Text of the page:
Is a Niebuhr revival coming? Has it already begun? Was he ever really forgotten? Jimmy Carter seems to have been a fan. Barack Obama, before he became president, identified him as an influential person for his political philosophy, surprising journalist David Brooks with his quick and ready summary of the usefulness of Niebuhr’s ideas during an interview.

I take away the compelling idea that there’s serious evil in the world and hardship and pain. And we should be humble and modest in our belief we can eliminate those things. But we shouldn’t use that as an excuse for cynicism and inaction. (Obama, 2007)

Brooks recounts that he went on to give a perfect, twenty minute, summation of Niebuhr’s book, The Irony of American History.

Recently, I learned that former FBI directory James Comey had written his undergraduate thesis on Reinhold Niebuhr and that his reading of Moral Man and Immoral Society was a catalyst to public service. Some have rightly noticed the irony in this, given the fact that the FBI under Hoover had been looking for ways to tag Niebuhr as a communist for decades, especially after his criticisms of the Vietnam war.t1larg.reinhold.union

A new documentary film was released this year for PBS on the life and thought of Reinhold Niebuhr. Commentators on the film, and on Reinhold in general, have all made attempts to answer the question of how he might think about the Trump phenomenon if he were with us. Scott Paeth recently noted that Louis Brandeis, associate justice on the Supreme Court, wrote a letter to a despondent Niebuhr shortly after the election of Eisenhower. By nearly everyone’s standards, Paeth points out, Eisenhower wasn’t a terrible president. One can only imagine him flipping out over what we have now.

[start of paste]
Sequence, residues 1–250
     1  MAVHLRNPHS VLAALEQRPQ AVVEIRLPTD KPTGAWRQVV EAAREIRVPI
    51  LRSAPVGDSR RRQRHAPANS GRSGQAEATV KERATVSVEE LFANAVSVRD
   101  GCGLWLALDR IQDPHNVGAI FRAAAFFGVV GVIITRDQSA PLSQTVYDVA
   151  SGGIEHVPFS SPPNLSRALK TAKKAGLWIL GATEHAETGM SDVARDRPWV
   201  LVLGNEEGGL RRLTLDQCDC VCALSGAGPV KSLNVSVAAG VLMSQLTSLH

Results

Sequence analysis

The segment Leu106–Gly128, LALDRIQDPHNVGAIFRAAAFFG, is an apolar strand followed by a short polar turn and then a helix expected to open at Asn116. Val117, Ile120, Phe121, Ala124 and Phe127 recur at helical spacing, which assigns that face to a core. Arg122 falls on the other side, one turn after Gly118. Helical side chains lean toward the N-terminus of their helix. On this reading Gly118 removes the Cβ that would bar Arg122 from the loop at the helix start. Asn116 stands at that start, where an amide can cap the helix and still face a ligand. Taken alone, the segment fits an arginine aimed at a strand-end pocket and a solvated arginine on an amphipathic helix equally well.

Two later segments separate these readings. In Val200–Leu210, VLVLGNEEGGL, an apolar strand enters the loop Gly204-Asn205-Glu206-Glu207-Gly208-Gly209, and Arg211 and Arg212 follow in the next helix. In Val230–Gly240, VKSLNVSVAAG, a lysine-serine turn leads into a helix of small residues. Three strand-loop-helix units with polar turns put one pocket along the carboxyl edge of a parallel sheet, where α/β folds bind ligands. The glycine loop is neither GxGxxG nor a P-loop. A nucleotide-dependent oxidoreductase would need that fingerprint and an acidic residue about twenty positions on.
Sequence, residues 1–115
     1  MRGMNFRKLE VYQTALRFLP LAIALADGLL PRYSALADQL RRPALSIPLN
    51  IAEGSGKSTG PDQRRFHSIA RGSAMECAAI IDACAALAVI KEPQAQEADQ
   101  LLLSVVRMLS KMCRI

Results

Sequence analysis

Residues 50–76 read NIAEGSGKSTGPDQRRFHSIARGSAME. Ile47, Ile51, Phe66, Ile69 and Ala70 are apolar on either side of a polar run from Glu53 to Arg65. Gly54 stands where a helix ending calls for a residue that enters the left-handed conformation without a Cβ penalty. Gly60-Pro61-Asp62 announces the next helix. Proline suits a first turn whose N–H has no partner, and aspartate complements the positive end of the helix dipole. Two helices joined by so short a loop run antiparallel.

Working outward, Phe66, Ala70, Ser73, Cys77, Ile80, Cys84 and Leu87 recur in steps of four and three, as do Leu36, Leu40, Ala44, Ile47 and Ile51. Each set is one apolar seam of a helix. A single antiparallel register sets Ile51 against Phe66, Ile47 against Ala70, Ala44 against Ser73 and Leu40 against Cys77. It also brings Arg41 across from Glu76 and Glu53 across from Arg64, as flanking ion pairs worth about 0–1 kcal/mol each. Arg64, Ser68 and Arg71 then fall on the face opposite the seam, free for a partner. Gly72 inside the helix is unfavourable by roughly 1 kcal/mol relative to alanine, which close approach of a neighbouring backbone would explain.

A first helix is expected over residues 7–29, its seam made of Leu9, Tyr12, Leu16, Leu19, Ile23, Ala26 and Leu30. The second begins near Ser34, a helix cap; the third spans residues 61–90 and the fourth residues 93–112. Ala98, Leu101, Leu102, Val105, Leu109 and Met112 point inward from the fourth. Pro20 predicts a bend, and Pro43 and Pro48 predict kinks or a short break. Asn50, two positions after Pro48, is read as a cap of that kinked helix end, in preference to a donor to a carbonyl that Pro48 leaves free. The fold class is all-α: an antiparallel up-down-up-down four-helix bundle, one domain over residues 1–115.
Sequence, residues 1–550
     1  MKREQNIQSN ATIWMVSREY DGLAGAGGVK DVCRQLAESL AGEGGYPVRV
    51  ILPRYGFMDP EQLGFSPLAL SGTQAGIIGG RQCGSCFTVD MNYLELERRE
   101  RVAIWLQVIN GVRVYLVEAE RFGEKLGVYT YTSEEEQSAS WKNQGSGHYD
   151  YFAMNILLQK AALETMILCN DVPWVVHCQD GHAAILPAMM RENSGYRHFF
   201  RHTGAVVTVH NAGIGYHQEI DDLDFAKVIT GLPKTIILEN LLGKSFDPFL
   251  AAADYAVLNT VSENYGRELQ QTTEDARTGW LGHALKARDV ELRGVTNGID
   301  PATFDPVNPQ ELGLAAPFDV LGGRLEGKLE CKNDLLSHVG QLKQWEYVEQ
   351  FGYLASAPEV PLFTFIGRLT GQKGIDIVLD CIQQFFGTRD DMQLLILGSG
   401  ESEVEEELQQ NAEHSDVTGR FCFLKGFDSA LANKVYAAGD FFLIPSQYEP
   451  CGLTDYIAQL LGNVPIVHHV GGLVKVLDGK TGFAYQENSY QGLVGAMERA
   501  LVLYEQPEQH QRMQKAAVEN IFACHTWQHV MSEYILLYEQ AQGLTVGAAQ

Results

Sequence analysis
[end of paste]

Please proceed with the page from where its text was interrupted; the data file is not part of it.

It’s a shame that some other characters have taken their place on the stage today but Reinhold’s role has not been filled. Jerry Falwell, Jr. is playing a grotesque caricature of Billy Graham. Trump is playing a version of Nixon. There is no ‘Niebuhr’ around. Some years ago, Stanley Hauerwas was christened “America’s best theologian”, yet Hauerwas’ project of silently creating alternative communities (i.e. churches), and his well-known pacifism, put him at odds with the gritty “Christian Realism” of Niebuhr. Perhaps a Niebuhr cannot exist in today’s world. For one thing, the world where public theologians (even ones re-descriptive and imaginative, not merely proclaimers) are listened to in any measure has vanished. So we are left to speculate with the ideas and metaphors he used in his own time. What would Niebuhr say about Christians who voted for him, and those who opposed him?